Review: These books are great brain candy – light, fast, and fun, with a very appealing leading man. The first three books in the series feel sort of like “ghost-of-the-week” episodes – the focus is much more on the current ghost, while the plot development in terms of Suze and Jesse’s relationship (or lack thereof, in these early books) is much more in the background. While I appreciate the slow burn romance (and while six books might seem like a lot, they read so fast that it’s really not that slow), the success of the “ghost-of-the-week” format really varies with how interesting that ghost is.
Shadowland is doing a lot of the work of setting up the world and the characters, but it’s got a pretty solid plot as well. Heather (the ghost) is pissed off and powerful, she’s believable and scary, and the steps Suze takes to get rid of her work well both in service of the plot and in setting up the rules for how ghosts and mediators work. Cabot does have some writing tics – mainly relying too heavily on character quirks or running “jokes” – that get old very quickly, even in the first book in the series. 4 out of 5 stars.
Ninth Key is probably the weakest book in the series. Book 2 is not the time to deviate from the “pissed off ghost” formula that you’ve barely established as a formula yet, and I find the whole vampire subplot to be unnecessarily silly and not really believable in and of itself, or within the confines of the world Cabot has built. For example, it strikes me as highly unlikely that Father Dom (the priest/principal of Suze’s high school, and another mediator) would believe in vampires right off the bat, even given that he knows ghosts are real. The resolution when Suze figures out what’s going on with the story’s lone ghost (the wailing woman) is quite emotional, though. 3 out of 5 stars.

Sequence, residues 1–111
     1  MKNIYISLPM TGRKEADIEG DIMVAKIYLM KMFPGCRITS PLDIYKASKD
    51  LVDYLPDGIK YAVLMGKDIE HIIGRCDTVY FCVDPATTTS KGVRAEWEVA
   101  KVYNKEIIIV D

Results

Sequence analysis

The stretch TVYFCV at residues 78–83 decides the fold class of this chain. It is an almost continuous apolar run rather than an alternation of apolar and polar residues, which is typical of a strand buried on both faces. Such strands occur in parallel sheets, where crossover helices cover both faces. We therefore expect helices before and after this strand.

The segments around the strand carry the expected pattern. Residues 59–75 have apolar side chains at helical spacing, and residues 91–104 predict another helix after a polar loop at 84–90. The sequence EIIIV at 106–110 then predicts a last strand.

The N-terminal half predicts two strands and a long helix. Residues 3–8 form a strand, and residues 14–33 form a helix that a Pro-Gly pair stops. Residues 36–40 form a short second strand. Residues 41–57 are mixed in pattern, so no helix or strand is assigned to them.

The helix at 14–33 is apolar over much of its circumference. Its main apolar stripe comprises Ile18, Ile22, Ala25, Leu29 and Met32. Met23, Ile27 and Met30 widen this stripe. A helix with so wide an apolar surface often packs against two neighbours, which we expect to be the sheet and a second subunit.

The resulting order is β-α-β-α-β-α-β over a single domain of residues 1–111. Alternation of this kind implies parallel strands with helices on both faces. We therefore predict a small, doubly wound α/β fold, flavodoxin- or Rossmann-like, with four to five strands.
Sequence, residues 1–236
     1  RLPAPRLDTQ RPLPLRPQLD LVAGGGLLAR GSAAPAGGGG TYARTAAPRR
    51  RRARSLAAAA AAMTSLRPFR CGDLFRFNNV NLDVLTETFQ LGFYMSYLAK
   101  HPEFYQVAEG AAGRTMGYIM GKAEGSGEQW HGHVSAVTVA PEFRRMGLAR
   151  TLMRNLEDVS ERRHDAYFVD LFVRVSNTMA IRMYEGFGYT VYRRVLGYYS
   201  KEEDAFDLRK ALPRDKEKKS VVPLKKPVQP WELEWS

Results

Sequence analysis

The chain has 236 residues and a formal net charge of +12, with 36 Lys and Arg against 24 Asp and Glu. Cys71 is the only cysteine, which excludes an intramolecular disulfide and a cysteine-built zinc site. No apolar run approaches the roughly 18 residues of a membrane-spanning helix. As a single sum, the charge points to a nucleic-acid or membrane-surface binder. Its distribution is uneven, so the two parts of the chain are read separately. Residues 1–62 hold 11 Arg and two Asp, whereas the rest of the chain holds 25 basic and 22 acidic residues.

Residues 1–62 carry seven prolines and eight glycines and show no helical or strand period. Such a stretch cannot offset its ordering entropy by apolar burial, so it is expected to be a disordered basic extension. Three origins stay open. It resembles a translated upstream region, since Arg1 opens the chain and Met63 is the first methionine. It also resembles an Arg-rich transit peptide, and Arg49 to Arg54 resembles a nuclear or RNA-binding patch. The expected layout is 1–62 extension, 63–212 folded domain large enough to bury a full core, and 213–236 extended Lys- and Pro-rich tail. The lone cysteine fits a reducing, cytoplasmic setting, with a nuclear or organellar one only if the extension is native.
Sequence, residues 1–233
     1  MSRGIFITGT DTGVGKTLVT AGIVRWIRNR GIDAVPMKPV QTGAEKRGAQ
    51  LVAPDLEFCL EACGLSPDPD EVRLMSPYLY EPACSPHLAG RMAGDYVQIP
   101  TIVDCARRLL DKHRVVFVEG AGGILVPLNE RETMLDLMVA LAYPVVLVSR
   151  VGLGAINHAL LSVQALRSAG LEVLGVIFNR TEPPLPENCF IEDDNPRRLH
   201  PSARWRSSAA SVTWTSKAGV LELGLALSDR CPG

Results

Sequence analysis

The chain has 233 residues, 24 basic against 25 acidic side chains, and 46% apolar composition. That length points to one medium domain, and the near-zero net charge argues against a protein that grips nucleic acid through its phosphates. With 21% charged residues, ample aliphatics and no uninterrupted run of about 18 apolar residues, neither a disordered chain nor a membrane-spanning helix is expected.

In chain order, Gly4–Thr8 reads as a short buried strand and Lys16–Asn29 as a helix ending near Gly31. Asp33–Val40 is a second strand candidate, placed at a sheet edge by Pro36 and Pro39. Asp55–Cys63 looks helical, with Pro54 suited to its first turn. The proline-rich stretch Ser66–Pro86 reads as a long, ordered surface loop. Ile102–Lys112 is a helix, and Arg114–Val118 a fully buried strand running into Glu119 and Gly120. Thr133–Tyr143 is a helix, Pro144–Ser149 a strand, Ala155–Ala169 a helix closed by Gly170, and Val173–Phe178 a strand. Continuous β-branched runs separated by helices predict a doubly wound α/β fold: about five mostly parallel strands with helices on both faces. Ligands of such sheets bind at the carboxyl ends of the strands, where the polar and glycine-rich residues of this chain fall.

Reunion is back to the “Suze deals with angry ghosts” format, and is a solid story, if not quite as good as the first one. The personalities of the four ghosts maybe aren’t as distinct as they could be, but they still make for effective peril for Suze, and the mystery (of why they’re still here and haven’t moved on yet) is well-built and interesting. I also feel like Jesse gets a little more to do in this story as well – not only swooping in to rescue Suze when she needs it – which is nice. 3.5 out of 5 stars.
Recommendation: Total fluff, but fun total fluff (and published before the recent boom in teen paranormal romance, which is something). If the description “ghost of a hot 150-years-dead Hispanic cowboy haunting your bedroom” sounds appealing (and boy howdy, is the ghost in question appealing!), then they’re definitely worth a read; they’d be ideal for on a plane or by the pool. The first three are more-or-less stand-alone – you’d miss some character development, but the plots aren’t particularly interconnected – but they’re so fast you may as well start at the beginning.
Shadowland: This Review on LibraryThing | This Book on LibraryThing | Amazon
The Ninth Key: This Review on LibraryThing | This Book on LibraryThing | Amazon
Reunion: This Review on LibraryThing | This Book on LibraryThing | Amazon
Other Reviews: Find them at the Book Blogs Search Engine.
Have you reviewed this book? Leave a comment with the link and I’ll add it in.
Shadowland: They told me there’d be palm trees.
The Ninth Key: Nobody told me about the poison oak.
Reunion: “Now this,” Gina said, “Is the life.”